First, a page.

The oldest direct evidence of human presence in the Americas are likely fossilized human footprints found in New Mexico, challenging once-conventional wisdom regarding humans migrating to the New World from Russia roughly 15,000 years ago, new research confirms.
The discovery indicates that people arrived much earlier in America than was previously thought.
According to research published Thursday in the journal Science, footprints discovered at the edge of an ancient lake bed in White Sands National Park date back to between 21,000 and 23,000 years ago.
The finding challenges what many archaeologists believed to be true, that humans did not reach the Americas until about 15,000 years ago when they crossed the Bering land bridge between Russia and Alaska — perhaps about 15,000 years ago.
The estimated age of the footprints was first reported in Science in 2021, but Thomas Urban, an archaeological scientist at Cornell University, who was involved in the study, said there was controversy around the dates.
“This has always been a controversial subject, as it is so important. It’s how we interpret the final chapter in human history,” Urban said, who wasn’t involved with the study that confirmed the dates.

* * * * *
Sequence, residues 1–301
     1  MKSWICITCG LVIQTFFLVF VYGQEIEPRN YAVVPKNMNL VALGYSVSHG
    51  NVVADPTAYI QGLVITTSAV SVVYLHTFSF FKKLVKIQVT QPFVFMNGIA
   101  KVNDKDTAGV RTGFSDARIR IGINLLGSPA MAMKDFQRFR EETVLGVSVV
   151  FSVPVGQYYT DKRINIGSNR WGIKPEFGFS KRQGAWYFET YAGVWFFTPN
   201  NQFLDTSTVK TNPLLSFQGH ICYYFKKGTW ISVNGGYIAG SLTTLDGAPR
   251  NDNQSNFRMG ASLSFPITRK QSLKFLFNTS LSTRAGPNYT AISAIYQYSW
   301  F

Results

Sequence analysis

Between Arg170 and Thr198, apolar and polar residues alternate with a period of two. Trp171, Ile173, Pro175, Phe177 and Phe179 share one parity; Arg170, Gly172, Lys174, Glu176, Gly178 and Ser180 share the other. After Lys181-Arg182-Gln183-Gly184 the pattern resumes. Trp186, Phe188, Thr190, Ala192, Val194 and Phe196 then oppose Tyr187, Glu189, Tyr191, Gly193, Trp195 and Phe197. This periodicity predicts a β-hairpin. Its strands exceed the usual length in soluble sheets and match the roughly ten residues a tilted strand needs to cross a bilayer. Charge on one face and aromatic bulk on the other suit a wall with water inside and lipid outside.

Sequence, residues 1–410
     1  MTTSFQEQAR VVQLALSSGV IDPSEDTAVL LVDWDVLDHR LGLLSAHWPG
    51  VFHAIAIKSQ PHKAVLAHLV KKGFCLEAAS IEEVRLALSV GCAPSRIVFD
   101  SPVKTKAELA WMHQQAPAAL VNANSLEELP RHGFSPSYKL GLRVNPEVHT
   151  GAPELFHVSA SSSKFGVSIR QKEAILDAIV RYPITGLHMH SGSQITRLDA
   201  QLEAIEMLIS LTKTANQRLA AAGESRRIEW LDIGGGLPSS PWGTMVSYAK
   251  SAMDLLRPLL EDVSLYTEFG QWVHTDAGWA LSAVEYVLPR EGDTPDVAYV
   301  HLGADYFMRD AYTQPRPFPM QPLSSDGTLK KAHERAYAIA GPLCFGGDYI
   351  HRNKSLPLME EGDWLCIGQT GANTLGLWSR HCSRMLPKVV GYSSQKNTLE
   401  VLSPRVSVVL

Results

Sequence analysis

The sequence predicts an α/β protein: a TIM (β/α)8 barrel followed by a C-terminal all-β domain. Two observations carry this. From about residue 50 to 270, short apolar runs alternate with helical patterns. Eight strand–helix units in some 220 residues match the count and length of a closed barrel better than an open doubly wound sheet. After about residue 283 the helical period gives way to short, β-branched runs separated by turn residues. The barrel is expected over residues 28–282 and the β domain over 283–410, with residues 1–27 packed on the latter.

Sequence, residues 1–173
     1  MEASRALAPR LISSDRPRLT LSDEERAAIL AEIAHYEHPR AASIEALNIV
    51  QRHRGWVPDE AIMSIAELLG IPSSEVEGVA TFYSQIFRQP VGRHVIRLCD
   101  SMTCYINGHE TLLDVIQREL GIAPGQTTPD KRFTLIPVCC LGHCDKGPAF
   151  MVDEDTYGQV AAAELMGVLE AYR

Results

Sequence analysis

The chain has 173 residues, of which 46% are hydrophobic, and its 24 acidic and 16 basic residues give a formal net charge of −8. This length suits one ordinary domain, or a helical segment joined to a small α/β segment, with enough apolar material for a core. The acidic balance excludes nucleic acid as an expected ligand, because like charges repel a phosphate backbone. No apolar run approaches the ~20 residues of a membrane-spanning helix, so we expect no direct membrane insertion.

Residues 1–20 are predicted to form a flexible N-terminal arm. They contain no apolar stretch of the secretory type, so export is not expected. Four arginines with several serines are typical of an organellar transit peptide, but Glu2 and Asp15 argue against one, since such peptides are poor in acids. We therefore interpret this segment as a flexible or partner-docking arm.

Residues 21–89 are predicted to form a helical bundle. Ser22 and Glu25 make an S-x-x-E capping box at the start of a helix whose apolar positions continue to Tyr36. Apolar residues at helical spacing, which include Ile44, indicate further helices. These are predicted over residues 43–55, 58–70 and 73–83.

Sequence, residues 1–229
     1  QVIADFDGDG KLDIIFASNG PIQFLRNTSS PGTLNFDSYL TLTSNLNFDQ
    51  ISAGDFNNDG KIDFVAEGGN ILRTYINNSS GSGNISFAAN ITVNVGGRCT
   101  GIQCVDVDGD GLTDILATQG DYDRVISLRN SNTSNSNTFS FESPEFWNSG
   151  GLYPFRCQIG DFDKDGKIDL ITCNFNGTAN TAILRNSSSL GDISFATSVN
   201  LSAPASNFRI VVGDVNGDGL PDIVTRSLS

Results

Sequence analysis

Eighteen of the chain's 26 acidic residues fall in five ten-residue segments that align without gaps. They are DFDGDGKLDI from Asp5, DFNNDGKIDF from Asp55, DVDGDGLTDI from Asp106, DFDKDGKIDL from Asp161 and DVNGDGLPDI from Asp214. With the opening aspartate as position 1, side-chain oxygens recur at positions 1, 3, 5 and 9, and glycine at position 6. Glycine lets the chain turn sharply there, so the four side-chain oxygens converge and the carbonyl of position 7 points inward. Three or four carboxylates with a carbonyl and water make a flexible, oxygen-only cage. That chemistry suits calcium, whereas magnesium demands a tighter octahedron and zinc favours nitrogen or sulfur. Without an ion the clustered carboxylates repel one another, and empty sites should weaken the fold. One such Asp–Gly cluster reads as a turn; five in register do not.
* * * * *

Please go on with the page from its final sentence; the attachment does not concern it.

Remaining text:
After the results of the 2021 study were revealed, questions concerned whether the seeds of aquatic plants used for the original dating may have absorbed ancient carbon from the lake — which could have thrown off radiocarbon dating by thousands of years.
The new study looked to affirm the dates by presenting two additional lines of evidence for the older range.
The study released Thursday used two completely different materials from the site, ancient conifer and quartz grains.
The new study isolated about 75,000 grains of pure pollen from the same sedimentary layer that contained the footprints.
“Dating pollen is arduous and nail-biting,” said Kathleen Springer, a research geologist at the United States Geological Survey and a co-author of the new paper.
The scientists also examined accumulated damage within the crystal lattices in ancient quartz grains, to estimate an age.
Even though other sites in North America have similar dates, including pendants made from ground sloths in Brazil, scientists still aren’t sure if such material really indicates human presence.
“White Sands is unique, because there’s no question these footprints were left by people, it’s not ambiguous,” said Jennifer Raff, an anthropological geneticist at the University of Kansas, who was not involved in the study.
Ancient footprints can provide archaeologists with a snapshot of how humans walked and interacted.
The Associated Press contributed to this report.
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